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became governor. The elections had resulted in the return of an assembly bent upon attacking official abuses, particularly those connected with the administration of justice. The governor was instructed to dissolve the House again if necessary, but, in preference, to interpose "the firmness and good dispositions of the legislative council." Sherbrooke reported that there was no hope of a change. He urged, therefore, that Chief Justice Sewell should be superannuated; that a colonial agent should be appointed ; and that Papineau should be made a member of the legislative council. This, he said, would gain for that body some measure of public confidence. Sherbrooke's policy of conciliation was not entirely adopted, though the elder Papineau and the Roman Catholic Bishop of Quebec were appointed to the legislative council. Attacks upon the judges still continued, and the governor apparently despaired of reconciling the disputes. At his own request he was recalled (1817), and was succeeded by the Duke of Richmond.

The Civil List. —Meanwhile offices had been multiplied in the province, and the revenues at the sole disposal of the executive were not now sufficient to pay all the officials. When called upon, iu 1819, to make up the deficiency, the assembly insisted upon revising the whole civil list, in order, as they said, to see how it was that a deficiency had arisen. They pruned vigorously, and adopted a "Supply Bill" which, if accepted by the legislative council, would have wiped out several sinecure offices. It would also have reduced the salaries of many other officials. The upper chamber, however, rejected the bill upon a ground which sounds strange to us in these days. The assembly, they said, had no right "to prescribe to the sovereign the number and quality of his servants, and what exact wages he should pay to each."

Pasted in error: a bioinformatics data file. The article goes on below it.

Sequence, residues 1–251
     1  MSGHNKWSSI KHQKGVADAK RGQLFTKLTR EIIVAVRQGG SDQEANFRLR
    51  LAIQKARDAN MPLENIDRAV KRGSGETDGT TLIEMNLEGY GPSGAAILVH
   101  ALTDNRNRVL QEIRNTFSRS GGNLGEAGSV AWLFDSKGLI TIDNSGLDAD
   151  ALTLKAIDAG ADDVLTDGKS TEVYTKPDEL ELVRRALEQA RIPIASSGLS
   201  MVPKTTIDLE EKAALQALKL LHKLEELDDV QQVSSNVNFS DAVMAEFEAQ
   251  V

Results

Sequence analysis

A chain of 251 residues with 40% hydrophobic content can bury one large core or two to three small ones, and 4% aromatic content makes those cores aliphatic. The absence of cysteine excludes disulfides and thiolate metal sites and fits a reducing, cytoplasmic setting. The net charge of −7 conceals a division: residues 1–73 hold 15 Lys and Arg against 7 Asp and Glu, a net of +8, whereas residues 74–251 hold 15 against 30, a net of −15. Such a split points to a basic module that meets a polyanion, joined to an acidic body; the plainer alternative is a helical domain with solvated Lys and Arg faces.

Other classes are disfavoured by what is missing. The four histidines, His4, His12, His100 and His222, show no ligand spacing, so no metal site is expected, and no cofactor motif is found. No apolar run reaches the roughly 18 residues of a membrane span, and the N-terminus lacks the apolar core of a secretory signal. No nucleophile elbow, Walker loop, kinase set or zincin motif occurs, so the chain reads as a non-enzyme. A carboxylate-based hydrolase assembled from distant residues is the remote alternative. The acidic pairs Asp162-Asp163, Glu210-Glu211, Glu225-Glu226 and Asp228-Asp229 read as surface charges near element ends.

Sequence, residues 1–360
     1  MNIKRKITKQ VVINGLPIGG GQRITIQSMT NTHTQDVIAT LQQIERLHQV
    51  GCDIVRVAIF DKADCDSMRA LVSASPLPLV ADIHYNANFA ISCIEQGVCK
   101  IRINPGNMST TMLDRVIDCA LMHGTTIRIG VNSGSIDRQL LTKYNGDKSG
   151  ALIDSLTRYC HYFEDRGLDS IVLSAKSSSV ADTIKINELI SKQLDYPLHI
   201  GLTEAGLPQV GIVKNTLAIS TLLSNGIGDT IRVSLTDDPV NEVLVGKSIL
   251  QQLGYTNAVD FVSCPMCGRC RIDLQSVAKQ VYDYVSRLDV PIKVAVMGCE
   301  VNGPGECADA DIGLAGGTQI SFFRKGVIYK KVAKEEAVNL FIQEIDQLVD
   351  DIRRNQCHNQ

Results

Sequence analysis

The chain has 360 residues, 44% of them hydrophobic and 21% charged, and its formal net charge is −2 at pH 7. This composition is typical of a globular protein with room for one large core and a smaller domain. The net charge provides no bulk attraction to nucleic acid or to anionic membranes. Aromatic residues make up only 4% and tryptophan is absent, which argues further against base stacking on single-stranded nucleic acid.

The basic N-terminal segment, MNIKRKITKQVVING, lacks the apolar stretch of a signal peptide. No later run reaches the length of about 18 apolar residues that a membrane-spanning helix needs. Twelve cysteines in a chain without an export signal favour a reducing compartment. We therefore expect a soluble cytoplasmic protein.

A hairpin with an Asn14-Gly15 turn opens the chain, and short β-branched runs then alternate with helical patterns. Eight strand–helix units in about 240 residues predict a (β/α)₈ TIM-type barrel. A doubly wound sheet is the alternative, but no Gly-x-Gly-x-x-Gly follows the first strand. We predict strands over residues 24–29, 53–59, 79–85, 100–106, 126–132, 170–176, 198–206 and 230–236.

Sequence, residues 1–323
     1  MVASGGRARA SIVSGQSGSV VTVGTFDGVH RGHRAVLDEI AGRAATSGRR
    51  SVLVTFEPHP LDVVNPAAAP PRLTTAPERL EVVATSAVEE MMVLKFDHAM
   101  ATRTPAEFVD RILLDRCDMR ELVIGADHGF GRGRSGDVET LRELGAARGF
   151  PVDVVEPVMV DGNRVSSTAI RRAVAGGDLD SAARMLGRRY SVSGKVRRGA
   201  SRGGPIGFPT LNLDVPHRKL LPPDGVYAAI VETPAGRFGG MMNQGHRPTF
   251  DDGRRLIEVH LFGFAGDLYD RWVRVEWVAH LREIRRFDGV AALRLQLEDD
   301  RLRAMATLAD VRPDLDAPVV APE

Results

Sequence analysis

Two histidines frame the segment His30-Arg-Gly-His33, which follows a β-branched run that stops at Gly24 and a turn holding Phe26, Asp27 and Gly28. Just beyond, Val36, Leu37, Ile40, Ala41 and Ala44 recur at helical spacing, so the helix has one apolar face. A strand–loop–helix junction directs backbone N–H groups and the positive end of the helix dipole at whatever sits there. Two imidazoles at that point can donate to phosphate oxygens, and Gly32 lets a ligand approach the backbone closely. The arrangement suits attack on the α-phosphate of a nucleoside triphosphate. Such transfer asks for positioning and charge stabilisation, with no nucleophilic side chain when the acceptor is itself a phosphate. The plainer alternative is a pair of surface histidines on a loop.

This financial question was for many years the chief bone of contention in Lower Canada. It was no mere theoretic reform the assembly desired. The more the expenses of the executive staff could bo reduced, the more would there be available for purposes of public improvement. Year after year they attacked the estimates, cutting off here and reducing there, and year after year the legislative council rejected their bills. It would take too long to follow this contest through all its phases. The remedy in the hands of the assembly was to refuse supply altogether when


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